Monday, March 25, 2013

B2B publisher Penton Media moves away from replicas with its native tablet edition for 'Nation's Restaurant News'

The percentage of revenue that B2B publishers generate from digital media remains pretty low. But according to CDS Global, the percentage of that digital revenue that comes from tablet editions is only 2.4 percent. You don't need a calculator to figure out that this means that most U.S. B2B publishers simply aren't launching profitable tablet editions, if they are launching them at all.

One publisher that has had apps inside the Apple App Store for quite a while is Penton Media. Penton is one of the nation's oldest B2B publishing companies, having been founded in 1892 by John Penton. The media company has been in the hands of the private equity firm Wasserstein & Co. since late 2006.

Penton's earliest apps were for trade shows, created by Core-Apps, one of the leading developers of apps for events. Apps like Club Industry Show 2011 serve a very specific service then become somewhat irrelevant (thought the apps do contain information attendees might find valuable well after the show).

Apps, such as for Fleet Owner, are news apps that deliver to the iPhone or iPad reformatted version of the title's website. Still other apps are replica editions built by Texterity such as the universal app for SQL Server Pro.

But the app released in January, and just updated last week, for Nation's Restaurant News is something altogether different – a native iPad edition.

(Penton acquired the 60K circulation bi-weekly trade magazine late in 2010 from Lebhar-Friedman. The magazine has been an important fixture in the industry since its founding in 1967, which probably explains why Penton allowed the publisher to launch their own tablet edition in the fashion – that is, with a native tablet edition. One would hope that this will become a trend at the B2B publishing company)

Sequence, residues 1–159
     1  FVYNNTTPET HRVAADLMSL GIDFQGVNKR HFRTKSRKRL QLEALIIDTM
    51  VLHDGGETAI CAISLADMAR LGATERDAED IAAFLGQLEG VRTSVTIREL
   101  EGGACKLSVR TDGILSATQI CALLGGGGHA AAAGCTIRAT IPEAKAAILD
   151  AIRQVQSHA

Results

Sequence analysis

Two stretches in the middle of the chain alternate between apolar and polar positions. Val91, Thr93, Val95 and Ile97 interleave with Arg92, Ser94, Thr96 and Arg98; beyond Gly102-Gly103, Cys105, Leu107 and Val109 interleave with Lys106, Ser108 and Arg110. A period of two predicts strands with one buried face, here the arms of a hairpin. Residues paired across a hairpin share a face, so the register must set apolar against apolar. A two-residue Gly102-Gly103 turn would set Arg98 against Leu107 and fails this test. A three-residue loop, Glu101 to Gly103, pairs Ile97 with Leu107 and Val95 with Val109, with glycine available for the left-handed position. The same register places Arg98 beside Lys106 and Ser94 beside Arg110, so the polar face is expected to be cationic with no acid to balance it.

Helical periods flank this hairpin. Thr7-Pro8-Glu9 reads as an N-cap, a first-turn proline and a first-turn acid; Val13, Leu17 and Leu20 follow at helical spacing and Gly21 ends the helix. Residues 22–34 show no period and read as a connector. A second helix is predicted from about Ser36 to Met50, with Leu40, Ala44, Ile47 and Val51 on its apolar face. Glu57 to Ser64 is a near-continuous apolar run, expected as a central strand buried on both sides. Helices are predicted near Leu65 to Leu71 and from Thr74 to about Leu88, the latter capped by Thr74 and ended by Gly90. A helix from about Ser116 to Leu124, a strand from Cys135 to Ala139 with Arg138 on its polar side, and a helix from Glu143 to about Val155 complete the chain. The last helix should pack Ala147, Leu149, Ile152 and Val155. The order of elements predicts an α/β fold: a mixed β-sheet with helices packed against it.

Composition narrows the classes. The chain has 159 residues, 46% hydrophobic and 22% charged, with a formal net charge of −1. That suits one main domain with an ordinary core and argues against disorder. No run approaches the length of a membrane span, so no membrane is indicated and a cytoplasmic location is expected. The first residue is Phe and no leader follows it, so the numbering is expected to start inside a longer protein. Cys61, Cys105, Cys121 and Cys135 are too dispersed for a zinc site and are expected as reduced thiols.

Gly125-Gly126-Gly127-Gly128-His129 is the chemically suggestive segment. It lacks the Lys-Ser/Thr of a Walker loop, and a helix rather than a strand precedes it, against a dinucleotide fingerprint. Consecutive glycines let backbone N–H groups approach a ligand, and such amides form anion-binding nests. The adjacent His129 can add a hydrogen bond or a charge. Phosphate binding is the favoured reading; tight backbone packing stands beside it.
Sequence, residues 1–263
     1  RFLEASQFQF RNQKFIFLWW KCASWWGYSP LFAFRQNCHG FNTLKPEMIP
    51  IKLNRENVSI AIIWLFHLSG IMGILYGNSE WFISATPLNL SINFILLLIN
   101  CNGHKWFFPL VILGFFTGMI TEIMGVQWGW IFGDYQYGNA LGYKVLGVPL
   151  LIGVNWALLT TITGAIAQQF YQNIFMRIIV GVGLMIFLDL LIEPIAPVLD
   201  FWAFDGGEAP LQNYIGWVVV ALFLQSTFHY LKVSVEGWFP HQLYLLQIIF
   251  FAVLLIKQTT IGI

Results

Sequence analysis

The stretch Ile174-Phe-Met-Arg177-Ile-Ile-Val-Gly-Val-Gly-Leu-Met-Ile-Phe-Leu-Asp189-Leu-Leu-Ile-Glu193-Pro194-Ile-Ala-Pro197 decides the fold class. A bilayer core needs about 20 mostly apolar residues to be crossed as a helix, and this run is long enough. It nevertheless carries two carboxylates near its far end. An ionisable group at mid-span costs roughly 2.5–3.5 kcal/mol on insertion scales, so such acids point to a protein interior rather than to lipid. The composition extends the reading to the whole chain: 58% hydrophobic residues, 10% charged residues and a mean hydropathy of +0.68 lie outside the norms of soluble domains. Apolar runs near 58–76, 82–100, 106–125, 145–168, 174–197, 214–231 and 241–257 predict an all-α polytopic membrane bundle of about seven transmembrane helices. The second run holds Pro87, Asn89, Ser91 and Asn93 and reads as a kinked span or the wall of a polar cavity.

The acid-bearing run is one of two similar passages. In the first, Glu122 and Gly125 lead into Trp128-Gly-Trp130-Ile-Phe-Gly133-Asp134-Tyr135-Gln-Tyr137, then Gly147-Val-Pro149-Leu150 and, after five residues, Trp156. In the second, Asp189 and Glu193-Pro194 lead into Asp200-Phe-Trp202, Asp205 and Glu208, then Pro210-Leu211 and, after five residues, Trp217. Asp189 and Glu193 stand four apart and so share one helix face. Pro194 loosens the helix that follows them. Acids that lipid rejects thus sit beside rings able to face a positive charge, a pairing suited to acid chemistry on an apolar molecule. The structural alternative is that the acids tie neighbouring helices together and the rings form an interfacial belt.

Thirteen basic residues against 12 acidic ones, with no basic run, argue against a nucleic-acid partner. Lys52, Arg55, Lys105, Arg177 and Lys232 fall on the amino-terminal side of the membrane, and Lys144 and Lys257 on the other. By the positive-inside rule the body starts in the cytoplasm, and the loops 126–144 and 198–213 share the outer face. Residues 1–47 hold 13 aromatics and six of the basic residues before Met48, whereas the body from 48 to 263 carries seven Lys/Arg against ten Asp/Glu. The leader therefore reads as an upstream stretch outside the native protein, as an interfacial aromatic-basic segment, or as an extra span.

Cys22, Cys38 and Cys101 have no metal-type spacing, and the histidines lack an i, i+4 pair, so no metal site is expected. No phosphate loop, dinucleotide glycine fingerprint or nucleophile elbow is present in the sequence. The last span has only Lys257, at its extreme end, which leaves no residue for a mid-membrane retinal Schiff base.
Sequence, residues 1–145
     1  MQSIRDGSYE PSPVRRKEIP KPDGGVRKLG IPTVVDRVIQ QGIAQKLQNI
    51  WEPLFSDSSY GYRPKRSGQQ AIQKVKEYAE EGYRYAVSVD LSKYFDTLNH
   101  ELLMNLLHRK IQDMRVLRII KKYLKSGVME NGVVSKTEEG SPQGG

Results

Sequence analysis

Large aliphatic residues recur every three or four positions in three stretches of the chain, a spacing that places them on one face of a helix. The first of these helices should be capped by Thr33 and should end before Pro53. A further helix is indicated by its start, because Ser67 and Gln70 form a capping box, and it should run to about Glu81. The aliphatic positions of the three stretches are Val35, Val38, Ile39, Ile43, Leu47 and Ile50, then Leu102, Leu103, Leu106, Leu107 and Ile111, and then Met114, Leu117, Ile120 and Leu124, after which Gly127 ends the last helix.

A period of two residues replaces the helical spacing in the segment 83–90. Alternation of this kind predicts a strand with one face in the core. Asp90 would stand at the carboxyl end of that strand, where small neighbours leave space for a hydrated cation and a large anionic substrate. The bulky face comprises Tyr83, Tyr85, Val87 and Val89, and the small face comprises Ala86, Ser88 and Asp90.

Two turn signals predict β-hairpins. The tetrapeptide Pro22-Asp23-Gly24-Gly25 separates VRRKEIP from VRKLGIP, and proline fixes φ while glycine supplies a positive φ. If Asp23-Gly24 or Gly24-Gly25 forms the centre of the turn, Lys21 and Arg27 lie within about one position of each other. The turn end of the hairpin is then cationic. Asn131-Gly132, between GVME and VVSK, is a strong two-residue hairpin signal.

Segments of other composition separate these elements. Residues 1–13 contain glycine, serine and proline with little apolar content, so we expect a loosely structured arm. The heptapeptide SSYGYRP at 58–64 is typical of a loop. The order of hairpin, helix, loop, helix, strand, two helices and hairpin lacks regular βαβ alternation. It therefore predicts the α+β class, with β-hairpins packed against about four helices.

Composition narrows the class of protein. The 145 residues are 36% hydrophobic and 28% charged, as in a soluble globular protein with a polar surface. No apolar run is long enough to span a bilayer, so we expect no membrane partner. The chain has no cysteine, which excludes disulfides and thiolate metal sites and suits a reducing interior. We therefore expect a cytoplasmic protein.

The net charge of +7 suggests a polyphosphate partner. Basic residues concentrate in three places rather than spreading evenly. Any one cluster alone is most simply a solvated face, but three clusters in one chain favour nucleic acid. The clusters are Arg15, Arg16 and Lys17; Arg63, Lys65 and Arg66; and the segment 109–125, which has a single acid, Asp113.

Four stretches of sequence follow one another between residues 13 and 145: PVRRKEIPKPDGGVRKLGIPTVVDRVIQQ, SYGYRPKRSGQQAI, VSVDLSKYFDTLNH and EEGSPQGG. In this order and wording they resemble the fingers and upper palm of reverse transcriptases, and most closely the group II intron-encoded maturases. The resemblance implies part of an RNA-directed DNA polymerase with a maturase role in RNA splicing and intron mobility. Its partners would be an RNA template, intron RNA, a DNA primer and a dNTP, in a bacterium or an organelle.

"Just as launching an iPad app was an easy choice that came from listening to our customers, so too was deciding to create content specifically formatted for the iPad rather than just presenting a PDF of the print magazine," writes publisher Randall Friedman in the publisher's note inside the latest issue.

The app will be updated twice a month with what the publisher describes as "the best of the best – the most important stories from the past two weeks that ran in our magazine and on our website."

Access to the app will come with a paid subscription to the trade industry magazine. But for the first three months readers can access the issues inside the iPad app for free thanks to the single sponsorship of Mondelez.

As you will see in the walk-through video below, the digital magazine can be read in both portrait and landscape, but by keeping multimedia material out of the app, it allows for the file size to be a modest 111MB. By the way, the sometimes sticky navigation apparent in the video is more the result of the video recording software than the app. I found the navigation to be quite smooth, and bug free.

One decision that I found a bit odd, though, was to keep the app out of the Apple Newsstand and make it a stand-alone app. This will force readers to go into the app at intervals during the month to get their latest issues. Also, the app could use push notifications, a feature that could be great benefit to B2B publishers. Finally, there is no attempt to qualify readers through the app, something that European B2B publishers appear to be experimenting with in their tablet editions.